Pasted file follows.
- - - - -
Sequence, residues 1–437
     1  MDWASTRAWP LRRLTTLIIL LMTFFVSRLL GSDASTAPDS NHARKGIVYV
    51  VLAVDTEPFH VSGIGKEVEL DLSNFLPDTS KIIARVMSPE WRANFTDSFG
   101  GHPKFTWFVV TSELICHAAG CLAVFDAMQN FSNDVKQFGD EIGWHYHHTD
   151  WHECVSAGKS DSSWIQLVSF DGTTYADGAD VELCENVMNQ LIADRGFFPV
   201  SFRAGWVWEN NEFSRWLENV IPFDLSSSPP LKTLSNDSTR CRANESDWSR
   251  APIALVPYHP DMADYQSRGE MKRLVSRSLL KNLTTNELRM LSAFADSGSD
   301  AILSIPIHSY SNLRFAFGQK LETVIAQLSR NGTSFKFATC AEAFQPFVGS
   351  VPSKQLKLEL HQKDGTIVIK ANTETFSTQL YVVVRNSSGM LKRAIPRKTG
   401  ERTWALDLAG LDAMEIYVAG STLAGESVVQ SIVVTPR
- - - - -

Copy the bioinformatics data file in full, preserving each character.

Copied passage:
Sequence, residues 1–437
     1  MDWASTRAWP LRRLTTLIIL LMTFFVSRLL GSDASTAPDS NHARKGIVYV
    51  VLAVDTEPFH VSGIGKEVEL DLSNFLPDTS KIIARVMSPE WRANFTDSFG
   101  GHPKFTWFVV TSELICHAAG CLAVFDAMQN FSNDVKQFGD EIGWHYHHTD
   151  WHECVSAGKS DSSWIQLVSF DGTTYADGAD VELCENVMNQ LIADRGFFPV
   201  SFRAGWVWEN NEFSRWLENV IPFDLSSSPP LKTLSNDSTR CRANESDWSR
   251  APIALVPYHP DMADYQSRGE MKRLVSRSLL KNLTTNELRM LSAFADSGSD
   301  AILSIPIHSY SNLRFAFGQK LETVIAQLSR NGTSFKFATC AEAFQPFVGS
   351  VPSKQLKLEL HQKDGTIVIK ANTETFSTQL YVVVRNSSGM LKRAIPRKTG
   401  ERTWALDLAG LDAMEIYVAG STLAGESVVQ SIVVTPR